“A state cannot be constituted from any chance body of persons, or in any chance period of time” said Aristotle, and historical Lebanon is no exception.

The Lebanese people witnessed major changes since the Cedars Revolution drove half of the population to the streets: the withdrawal of the Syrian army, international support expressed through international resolutions and the establishment of the STL (Special Tribunal for Lebanon) to inquire in the murder of prime minister Rafic Hariri. For a moment Lebanese from different sects came together and the call for independence, sovereignty and freedom was becoming a reality, especially among the Christians.

But then things started to fall apart. Lebanese were divided on almost every single issue: Syria, the STL, the arms of Lebanese and non-Lebanese faction, the West, Iran, decisions on war and peace etc. They barely evaded a civil war when the supporters of Hezbollah, Amal and the Free Patriotic Movement occupied downtown Beirut. For almost two years the legal institutions were paralyzed and Beirut was captive to Amal and Hezbollah militias.

It is under these circumstances that Lebanese went to cast their vote in the parliamentary elections of 2009, but how did this come to happen?

Political Lebanon has always been a reflection of the prejudices minorities felt under the Muslim majority rule, since the first Islamic conquest at the hands of the Umayyad circa 630. This was first reflected in the social and political organization of the inhabitants of Mount Lebanon and later in modern Lebanon. Independence in 1943 took into consideration those realities and as a result the constitution divided powers on a basis of religious representation, equally between Christians and Muslims.

For decades, Lebanese politics was dictated by the defiance the different sects felt towards each other. This was definitely a hindrance towards efforts of building the state based on citizenship rather than religious affiliation. As a result Lebanon had a fragile system that would prove easily susceptible in the face of the many huge developments to come to the region, starting with the yielding power of the Ottoman Empire, the Israeli Arab conflict, the Khomeini’s revolution all the way to the rise of the extremism in the Middle East and the war on terror that led to the occupation of Iraq and Afghanistan. These unfolding events echoed unrest on Lebanese soil: 15 years of civil war, international mandate to Hafez Assad of Syria to occupy Lebanon during 15 years, and many different wars with Israel, the latest in 2006.

Due to the change in the geopolitical map and the nature of the conflict in the region the Christians felt abandoned and marginalized. Today the United States is allied with the Arab Sunnis of the region against Syria Iran and the Shi’a. In that wake the Christians went to the ballot box in the summer of this year faced with two choices: either the Sunni-Arab-Western alliance or the Shi’a-Iranian-Syrian one. Unfortunately the times were not for the spread of democracy, or human rights championing – it was about Iran and the nuclear program.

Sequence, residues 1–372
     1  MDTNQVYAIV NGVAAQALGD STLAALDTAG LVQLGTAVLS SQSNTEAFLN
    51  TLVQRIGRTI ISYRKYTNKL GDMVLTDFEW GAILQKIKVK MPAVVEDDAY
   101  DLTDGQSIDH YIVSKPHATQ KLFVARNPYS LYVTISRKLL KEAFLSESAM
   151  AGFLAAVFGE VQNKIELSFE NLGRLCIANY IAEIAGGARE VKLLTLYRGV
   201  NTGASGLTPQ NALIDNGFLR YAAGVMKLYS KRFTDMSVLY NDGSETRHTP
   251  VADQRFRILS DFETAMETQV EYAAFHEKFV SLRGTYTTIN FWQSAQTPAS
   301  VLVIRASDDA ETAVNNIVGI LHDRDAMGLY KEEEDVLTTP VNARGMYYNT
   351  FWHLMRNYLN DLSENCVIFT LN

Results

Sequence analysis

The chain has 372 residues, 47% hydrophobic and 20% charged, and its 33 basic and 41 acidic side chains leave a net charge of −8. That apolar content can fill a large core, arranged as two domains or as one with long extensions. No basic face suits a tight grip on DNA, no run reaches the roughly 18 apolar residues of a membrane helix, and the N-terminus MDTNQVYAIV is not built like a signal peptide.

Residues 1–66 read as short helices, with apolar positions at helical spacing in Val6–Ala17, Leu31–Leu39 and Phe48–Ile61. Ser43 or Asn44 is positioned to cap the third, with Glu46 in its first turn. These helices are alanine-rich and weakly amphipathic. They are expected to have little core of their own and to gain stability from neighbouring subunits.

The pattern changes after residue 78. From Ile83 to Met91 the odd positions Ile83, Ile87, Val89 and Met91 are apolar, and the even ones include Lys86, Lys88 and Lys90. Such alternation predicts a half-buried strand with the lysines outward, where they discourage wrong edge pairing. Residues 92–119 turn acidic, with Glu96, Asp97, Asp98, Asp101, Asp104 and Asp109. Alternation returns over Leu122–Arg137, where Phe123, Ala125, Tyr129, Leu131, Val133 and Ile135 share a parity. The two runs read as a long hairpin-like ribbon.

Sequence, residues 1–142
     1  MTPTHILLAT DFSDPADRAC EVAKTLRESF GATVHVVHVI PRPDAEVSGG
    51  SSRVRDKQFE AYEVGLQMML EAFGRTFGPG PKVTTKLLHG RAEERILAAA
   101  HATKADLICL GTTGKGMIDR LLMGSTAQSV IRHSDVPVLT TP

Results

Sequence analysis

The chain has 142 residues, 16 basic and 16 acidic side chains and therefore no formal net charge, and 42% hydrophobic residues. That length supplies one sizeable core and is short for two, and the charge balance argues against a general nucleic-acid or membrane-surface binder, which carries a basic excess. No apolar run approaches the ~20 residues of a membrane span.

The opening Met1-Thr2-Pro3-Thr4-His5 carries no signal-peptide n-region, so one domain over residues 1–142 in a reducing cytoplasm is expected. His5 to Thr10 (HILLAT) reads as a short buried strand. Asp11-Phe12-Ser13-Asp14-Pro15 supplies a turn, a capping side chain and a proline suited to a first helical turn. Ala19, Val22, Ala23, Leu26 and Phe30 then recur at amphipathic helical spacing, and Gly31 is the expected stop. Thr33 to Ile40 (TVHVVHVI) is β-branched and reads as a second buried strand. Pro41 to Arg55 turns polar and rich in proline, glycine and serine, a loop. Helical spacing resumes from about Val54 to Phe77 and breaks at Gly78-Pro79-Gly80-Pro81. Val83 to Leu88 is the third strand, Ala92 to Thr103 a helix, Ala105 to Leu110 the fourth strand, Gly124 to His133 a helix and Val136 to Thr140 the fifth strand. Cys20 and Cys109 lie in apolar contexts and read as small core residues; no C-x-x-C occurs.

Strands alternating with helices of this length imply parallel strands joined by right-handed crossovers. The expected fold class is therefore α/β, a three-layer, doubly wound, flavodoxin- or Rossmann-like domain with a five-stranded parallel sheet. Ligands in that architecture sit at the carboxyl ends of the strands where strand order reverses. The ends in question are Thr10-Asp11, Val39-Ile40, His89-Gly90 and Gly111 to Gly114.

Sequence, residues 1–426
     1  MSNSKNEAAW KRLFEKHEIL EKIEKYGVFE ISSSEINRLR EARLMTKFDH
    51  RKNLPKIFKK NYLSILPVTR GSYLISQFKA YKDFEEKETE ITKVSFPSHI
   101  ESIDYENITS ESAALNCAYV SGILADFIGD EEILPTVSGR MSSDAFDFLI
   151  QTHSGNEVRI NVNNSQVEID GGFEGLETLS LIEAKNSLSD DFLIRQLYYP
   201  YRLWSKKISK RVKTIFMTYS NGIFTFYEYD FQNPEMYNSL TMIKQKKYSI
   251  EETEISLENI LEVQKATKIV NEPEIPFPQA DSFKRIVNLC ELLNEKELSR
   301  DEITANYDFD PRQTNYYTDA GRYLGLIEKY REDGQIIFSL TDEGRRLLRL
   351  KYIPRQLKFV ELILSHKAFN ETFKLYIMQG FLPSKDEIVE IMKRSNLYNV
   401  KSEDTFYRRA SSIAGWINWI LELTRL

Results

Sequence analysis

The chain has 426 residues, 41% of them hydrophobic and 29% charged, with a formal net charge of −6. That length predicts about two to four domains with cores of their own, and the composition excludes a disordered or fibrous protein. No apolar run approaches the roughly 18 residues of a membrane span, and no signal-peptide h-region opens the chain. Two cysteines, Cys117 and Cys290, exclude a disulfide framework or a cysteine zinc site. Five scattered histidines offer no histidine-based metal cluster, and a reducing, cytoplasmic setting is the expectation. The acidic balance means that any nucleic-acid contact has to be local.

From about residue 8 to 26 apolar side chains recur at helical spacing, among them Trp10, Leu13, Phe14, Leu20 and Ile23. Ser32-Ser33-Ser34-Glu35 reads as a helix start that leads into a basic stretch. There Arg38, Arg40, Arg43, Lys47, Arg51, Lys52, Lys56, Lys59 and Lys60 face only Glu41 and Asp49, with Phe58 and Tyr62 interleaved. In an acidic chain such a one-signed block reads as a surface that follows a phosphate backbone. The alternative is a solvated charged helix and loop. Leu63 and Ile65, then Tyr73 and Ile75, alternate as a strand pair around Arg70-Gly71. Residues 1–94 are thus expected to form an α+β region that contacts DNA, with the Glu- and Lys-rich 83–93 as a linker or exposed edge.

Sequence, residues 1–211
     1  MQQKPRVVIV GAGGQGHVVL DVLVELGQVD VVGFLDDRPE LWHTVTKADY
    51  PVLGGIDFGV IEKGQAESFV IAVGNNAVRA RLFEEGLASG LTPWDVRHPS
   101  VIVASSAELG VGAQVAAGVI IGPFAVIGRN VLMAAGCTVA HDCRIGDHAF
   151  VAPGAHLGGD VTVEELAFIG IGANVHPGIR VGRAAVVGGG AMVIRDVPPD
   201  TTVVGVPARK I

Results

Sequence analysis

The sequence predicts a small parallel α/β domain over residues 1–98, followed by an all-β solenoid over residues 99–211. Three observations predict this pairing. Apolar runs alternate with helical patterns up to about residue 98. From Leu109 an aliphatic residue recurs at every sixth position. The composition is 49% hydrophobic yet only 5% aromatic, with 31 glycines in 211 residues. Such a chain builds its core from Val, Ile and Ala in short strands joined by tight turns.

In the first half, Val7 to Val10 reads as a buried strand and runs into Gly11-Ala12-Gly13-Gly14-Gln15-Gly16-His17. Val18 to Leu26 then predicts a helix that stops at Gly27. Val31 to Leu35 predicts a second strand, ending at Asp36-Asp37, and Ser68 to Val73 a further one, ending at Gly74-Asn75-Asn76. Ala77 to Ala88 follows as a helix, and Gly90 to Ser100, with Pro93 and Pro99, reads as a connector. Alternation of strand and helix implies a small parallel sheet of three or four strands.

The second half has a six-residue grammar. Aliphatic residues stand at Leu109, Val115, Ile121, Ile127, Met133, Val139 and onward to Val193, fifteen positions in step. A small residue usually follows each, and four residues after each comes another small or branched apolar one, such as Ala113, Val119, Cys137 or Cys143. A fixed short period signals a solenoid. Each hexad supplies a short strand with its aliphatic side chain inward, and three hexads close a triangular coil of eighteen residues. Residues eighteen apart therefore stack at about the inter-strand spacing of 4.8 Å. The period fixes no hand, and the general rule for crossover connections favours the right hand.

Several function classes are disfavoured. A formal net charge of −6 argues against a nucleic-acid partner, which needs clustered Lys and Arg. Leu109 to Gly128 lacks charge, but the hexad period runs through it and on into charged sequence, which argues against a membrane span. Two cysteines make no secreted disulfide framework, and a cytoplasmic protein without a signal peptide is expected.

And the result came as no surprise as the Christians were divided between two ideas. One is represented by Aoun and his followers, and it stands for the alliance of the minorities against the Sunnis. They believe that Sunni Islam has closed the door on the interpretation of the Quranic verses and therefore they are regressive. In addition to being the source of militant Islam, they are represented by the kingdom of Saudi Arabia –“the epitome of decadence”. While for those Christians the Shi’a represent the future of Islam since they haven’t closed the door on the interpretation of the Quranic verses and they are viewed as are progressive, and they are a minority who is backed by Iran, has defeated Israel and forced it to liberate Arab soil. They always cite the magnificence of the Persian culture and its multicultural face, ignoring the decadence of the actual regime.

The other Christians represented by the Lebanese forces, and other Christian figures, believe that the Sunni sect has undergone a big transformation by rallying around the idea of Lebanon First and by redefining Arabism through economy and culture rather than politics. They find their long-awaited partner in the moderate Hariri’s and Future Movement. They wanted to detach the country from the regional conflicts by promoting a neutrality status of Lebanon, but to no avail.

The only time Lebanon felt some sort of stability was back in 1860, after Mount Lebanon experienced civil unrest, where massacres took place. The powers of that time mutually agreed to pacify Lebanon and impose a system (‘Mutasarifiya’) that lasted till the dawn of WWI, in which prosperity and revival in culture and economy where thriving.  At the time Lebanon was just a mountain, Israel was yet to come, oil was not a national interest for which wars would be conducted, distances were wide, the echoes of the age of enlightenment was reaching the shores of the Middle east, nationalism was on the rise, religion was on the down, immigration was about money not safety, and the world was a promise for the better.

Today, as before, the Christians and Lebanese in general, have unfortunately tied their fate to the regional events almost guarantying stability unattainable. The regional balance of power dictates the states of affairs in this fragile country and therefore all eyes are on the outcome of the struggle between The West and Iran.

Elie Fawaz is a Lebanese political analyst with the Beirut offices of the Lebanon Renaissance Foundation, which promotes democracy and rule of law.

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